Area picks up pieces destroyed by Taliban

Published: Saturday, January 11, 2003 at 6:01 a.m.
Last Modified: Saturday, January 11, 2003 at 12:20 a.m.
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An Afghan man and his son, members of Afghanistan's Hazara ethnic group sit before the shell of a giant Buddah which was destroyed by the Taliban in Bamiyan, Afghanistan, Wednesday. The Hazaras had fled into the mountains to escape the successive campaigns of murder and ethnic cleansing by the hardline Taliban Islamic militia that once ruled the nation. The Taliban dynamited the statue in 2001.

(AP Photo/Amir Shah)
BAMIYAN, Afghanistan - Said Askar, his wife and four children make their home in a smoky one-room cave carved from a sheer rock face where Afghanistan's famed Buddha statues once stood.
The home is bare of furniture, has a dirt floor and uses one plastic sheet for a window, but is still a major improvement for the family, which fled into the mountains during the Taliban regime.
Now, with the Taliban gone, some 50 families - the poorest of Bamiyan's poor - scrape by in the caves and hope for better days.
"Life here in the caves is very difficult. It's cold, and my daughter is sick," said Askar, taking water buckets from another daughter who made a 45-minute climb along a narrow track to reach the cave.
Bamiyan, about 60 miles west of the capital, was home to the glories of Afghan's rich history, of which the pair of towering, 1,500-year-old Buddhas was the crown. The Taliban dynamited the statues in 2001, calling them idols that offended their interpretation of Islam.
Askar's cave is about 100 yards from where the statues once stood.
Between 1998 and 2001, the Taliban, who originated among the ethnic Pashtun in eastern Afghanistan, killed many from the Hazara ethnic group here, burning homes and crops, stealing and killing livestock.
The Taliban leveled more than 5,000 buildings. The region still has no electricity, and water comes from the river.
Yet people have started piecing their lives back together - house by house, sheep by sheep.
Even in winter, when temperatures drop to minus 4, the bazaar's 50-odd shops, restaurants and small schools bustle. New construction on roads and homes invites hope.
A major factor in the revival has been the presence of U.S. troops, who are greeted with smiles and waves in Bamiyan.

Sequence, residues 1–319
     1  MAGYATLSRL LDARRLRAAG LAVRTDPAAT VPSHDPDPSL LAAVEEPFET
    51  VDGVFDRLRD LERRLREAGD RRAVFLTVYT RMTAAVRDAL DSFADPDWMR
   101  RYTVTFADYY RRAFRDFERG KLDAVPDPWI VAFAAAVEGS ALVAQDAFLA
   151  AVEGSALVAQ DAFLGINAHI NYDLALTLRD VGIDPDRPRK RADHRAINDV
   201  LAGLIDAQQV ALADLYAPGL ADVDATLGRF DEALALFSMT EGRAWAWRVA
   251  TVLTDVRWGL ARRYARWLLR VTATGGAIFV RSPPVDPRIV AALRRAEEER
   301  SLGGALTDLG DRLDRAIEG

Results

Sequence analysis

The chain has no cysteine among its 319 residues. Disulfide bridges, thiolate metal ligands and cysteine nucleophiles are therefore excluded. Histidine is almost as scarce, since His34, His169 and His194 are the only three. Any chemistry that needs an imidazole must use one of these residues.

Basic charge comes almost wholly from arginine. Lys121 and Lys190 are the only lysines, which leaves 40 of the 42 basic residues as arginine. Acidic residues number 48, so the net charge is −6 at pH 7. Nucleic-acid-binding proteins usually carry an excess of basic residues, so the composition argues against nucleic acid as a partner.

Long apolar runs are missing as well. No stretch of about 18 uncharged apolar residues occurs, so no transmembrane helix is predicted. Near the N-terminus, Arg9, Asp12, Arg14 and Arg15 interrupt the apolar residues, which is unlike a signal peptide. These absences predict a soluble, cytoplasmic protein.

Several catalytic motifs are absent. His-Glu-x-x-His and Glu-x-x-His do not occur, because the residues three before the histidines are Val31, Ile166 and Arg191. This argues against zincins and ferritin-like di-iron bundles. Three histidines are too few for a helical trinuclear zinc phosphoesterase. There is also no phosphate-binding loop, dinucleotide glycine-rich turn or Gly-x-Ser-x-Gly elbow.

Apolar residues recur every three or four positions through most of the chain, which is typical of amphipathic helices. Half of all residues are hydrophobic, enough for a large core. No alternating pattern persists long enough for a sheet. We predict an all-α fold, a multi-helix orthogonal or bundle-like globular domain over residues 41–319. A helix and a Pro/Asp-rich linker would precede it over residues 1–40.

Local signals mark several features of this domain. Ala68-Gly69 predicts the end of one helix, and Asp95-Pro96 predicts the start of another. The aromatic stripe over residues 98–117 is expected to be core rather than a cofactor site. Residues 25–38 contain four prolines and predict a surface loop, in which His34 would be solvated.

- a striking contrast to southeastern Afghanistan, where U.S. and other forces search for remnants of the Taliban and al-Qaeda.
"We try to be very visible," an American soldier said while shopping for food.
U.S. troops recently built a bridge over a river near the bazaar, distributed blankets and food and helped rebuild some homes, said the soldier, who would not give his name.
Bamiyan's mayor, Nasir Ahmad, who says the Taliban killed four of his relatives and imprisoned him for two years, said, "If America goes, then once again these terrorists will come back and kill."
About 25 Afghan and foreign non-governmental organizations are helping the rebuilding effort. One of the most active, the Afghan charity Shuhada, runs projects ranging from a carpet-weaving workshop to midwifery and nursing classes. It has built 11 houses and has plans for 200 more.
While the Taliban have been driven from the valley, remnants are believed to be operating in surrounding mountains. On Monday, one suspected Taliban was arrested in Bamiyan and taken to Kabul.
The presence of U.S. forces also may be stifling any revenge attacks.
Mayor Ahmad said one of his neighbors pillaged with the Taliban but he doesn't want vengeance.
"The man could never compensate me for my animals and house," said Ahmad, helping supervise a road project near the bazaar.
He motions to the work at hand.
"This," he said, "is the right way."

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